Climate Change Indicators: Tropical Cyclone Activity
Hurricanes, tropical storms, and other intense rotating storms fall into a general category called cyclones. There are two main types of cyclones: tropical and extratropical (those that form outside the tropics). Tropical cyclones get their energy from warm tropical oceans. Extratropical cyclones get their energy from the jet stream and from temperature differences between cold, dry air masses from higher latitudes and warm, moist air masses from lower latitudes.
This indicator focuses on tropical cyclones in the Atlantic Ocean, Caribbean, and Gulf of Mexico. Tropical cyclones are most common during the “hurricane season,” which runs from June through November. The effects of tropical cyclones are numerous and well known. At sea, storms disrupt and endanger shipping traffic. When cyclones encounter land, their intense rains and high winds can cause severe property damage, loss of life, soil erosion, and flooding. The associated storm surge—the large volume of ocean water pushed toward shore by the cyclone’s strong winds—can cause severe flooding and destruction.
Climate change is expected to affect tropical cyclones by increasing sea surface temperatures, a key factor that influences cyclone formation and behavior. The U.S. Global Change Research Program and the Intergovernmental Panel on Climate Change project that, more likely than not, tropical cyclones will become more intense over the 21st century, with higher wind speeds and heavier rains.1,2
About the Indicator
Records of tropical cyclones in the Atlantic Ocean have been collected since the 1800s. The most reliable long-term records focus on hurricanes, which are the strongest category of tropical cyclones in the Atlantic, with wind speeds of at least 74 miles per hour. This indicator uses historical data from the National Oceanic and Atmospheric Administration to track the number of hurricanes per year in the North Atlantic (north of the equator) and the number reaching the United States since 1878. Some hurricanes over the ocean might have been missed before the start of aircraft and satellite observation, so scientists have used other evidence, such as ship traffic records, to estimate the actual number of hurricanes that might have formed in earlier years.
This indicator also looks at the Accumulated Cyclone Energy (ACE) Index and the Power Dissipation Index (PDI), which are two ways of monitoring the frequency, strength, and duration of tropical cyclones based on wind speed measurements.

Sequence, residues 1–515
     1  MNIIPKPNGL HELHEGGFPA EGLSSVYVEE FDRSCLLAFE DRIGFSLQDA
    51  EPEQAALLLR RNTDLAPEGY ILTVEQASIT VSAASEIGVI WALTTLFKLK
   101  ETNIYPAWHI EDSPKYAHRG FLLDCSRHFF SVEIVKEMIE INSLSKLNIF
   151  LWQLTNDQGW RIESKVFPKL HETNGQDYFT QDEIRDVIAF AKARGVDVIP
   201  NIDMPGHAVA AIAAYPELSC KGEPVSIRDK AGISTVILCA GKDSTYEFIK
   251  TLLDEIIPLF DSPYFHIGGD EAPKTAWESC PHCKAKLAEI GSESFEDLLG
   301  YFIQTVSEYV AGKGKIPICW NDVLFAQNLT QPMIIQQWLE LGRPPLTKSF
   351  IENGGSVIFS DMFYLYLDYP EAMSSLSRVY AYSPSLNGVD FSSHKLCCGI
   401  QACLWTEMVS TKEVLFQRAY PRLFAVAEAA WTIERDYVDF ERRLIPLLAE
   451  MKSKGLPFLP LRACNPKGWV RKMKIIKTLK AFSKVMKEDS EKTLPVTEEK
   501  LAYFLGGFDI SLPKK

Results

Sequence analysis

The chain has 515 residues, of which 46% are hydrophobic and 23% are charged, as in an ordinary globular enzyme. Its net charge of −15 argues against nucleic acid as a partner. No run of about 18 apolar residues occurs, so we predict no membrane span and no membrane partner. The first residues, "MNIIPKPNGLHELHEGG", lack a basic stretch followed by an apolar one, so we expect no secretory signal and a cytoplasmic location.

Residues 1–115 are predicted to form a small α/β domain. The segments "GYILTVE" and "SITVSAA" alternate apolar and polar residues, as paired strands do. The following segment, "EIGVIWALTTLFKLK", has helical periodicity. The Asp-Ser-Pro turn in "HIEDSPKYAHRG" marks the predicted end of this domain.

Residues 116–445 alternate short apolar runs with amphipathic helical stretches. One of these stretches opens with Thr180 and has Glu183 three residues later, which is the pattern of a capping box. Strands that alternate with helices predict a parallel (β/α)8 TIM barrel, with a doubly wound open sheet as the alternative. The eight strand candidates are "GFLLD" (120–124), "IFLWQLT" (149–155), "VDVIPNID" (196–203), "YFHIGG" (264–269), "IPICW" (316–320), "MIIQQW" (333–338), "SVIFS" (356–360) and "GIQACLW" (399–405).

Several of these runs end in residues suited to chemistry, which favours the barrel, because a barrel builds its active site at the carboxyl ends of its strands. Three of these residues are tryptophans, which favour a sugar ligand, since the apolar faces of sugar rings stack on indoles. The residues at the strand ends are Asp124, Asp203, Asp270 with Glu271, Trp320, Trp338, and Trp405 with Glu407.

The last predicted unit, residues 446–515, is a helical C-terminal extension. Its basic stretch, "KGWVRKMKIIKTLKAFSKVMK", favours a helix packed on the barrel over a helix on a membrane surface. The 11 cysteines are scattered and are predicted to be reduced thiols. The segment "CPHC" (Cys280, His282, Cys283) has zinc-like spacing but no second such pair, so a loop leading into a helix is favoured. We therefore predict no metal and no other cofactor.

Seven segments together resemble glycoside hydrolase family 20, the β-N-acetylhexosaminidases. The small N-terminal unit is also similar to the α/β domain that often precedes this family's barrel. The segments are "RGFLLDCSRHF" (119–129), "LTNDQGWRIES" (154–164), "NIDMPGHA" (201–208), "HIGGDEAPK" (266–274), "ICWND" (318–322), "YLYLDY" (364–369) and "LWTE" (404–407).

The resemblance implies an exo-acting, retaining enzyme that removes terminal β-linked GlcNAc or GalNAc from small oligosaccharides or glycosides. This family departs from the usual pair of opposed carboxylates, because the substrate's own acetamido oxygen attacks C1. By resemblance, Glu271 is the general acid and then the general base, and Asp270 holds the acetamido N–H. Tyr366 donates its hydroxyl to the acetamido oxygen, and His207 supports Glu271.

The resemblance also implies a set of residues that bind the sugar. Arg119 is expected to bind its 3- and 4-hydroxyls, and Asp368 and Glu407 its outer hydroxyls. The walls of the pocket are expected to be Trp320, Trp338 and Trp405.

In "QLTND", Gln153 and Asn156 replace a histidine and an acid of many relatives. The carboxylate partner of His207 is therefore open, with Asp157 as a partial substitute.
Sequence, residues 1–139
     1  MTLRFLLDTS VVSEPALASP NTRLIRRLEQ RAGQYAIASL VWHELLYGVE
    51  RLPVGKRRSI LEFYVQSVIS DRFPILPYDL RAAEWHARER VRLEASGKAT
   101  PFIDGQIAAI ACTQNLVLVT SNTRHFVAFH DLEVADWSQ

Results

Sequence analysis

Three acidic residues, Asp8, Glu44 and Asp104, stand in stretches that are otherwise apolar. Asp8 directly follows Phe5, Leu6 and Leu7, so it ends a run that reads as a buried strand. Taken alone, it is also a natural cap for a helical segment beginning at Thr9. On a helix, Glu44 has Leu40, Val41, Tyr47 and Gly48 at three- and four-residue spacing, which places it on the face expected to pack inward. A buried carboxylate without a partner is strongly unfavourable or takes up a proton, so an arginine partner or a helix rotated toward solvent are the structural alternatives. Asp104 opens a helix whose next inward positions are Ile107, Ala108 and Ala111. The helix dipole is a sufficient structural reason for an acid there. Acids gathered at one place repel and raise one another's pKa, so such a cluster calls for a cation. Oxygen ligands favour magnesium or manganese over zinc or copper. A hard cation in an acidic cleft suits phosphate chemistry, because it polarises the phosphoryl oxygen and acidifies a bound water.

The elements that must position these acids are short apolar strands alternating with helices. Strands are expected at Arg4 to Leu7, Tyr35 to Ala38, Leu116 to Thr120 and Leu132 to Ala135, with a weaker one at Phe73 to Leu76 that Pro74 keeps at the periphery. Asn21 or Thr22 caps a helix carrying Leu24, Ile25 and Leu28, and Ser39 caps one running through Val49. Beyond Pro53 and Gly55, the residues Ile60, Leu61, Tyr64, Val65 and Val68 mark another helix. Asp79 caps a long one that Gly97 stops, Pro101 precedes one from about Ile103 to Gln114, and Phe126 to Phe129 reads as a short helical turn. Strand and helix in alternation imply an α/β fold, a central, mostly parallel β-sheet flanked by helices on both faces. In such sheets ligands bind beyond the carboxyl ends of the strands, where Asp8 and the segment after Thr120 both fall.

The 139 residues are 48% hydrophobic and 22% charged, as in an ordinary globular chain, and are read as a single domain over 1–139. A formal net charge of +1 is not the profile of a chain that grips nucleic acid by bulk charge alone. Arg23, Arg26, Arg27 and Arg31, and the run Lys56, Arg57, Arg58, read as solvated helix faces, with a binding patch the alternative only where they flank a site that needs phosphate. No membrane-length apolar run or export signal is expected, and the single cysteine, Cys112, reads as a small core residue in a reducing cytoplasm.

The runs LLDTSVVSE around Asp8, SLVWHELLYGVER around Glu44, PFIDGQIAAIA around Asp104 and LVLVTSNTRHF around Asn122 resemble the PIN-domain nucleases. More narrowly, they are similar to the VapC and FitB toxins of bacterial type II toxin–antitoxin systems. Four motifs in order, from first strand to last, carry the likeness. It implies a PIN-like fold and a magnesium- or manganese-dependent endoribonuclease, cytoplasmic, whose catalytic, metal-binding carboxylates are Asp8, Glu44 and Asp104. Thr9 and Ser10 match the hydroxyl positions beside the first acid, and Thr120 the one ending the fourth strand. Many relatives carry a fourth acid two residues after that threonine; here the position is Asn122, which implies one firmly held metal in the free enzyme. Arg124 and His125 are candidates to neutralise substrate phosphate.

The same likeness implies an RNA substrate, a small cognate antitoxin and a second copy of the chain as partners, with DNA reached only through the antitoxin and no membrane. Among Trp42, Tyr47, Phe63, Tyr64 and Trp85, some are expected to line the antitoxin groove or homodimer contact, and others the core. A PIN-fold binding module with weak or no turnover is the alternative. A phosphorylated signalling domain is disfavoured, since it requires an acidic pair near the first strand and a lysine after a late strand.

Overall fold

Every cyclone has an ACE Index value, which is a number based on the maximum wind speed measured at six-hour intervals over the entire time that the cyclone is classified as at least a tropical storm (wind speed of at least 39 miles per hour). Therefore, a storm’s ACE Index value accounts for both strength and duration. The National Oceanic and Atmospheric Administration calculates the total ACE Index value for an entire hurricane season by adding the values for all named storms, including subtropical storms, tropical storms, and hurricanes. The resulting annual total accounts for cyclone strength, duration, and frequency. For this indicator, the index has been converted to a scale where 100 equals the median value (the midpoint) over a base period from 1981 to 2010. The thresholds in Figure 2 define whether the ACE Index for a given year is close to normal, significantly above normal, or significantly below.
Like the ACE Index, the PDI is based on measurements of wind speed, but it uses a different calculation method that places more emphasis on storm intensity. This indicator shows the annual PDI value, which represents the sum of PDI values for all named storms during the year.
- Since 1878, about six to seven hurricanes have formed in the North Atlantic every year. Roughly two per year make landfall in the United States. The total number of hurricanes (particularly after being adjusted for improvements in observation methods) and the number reaching the United States do not indicate a clear overall trend since 1878 (see Figure 1).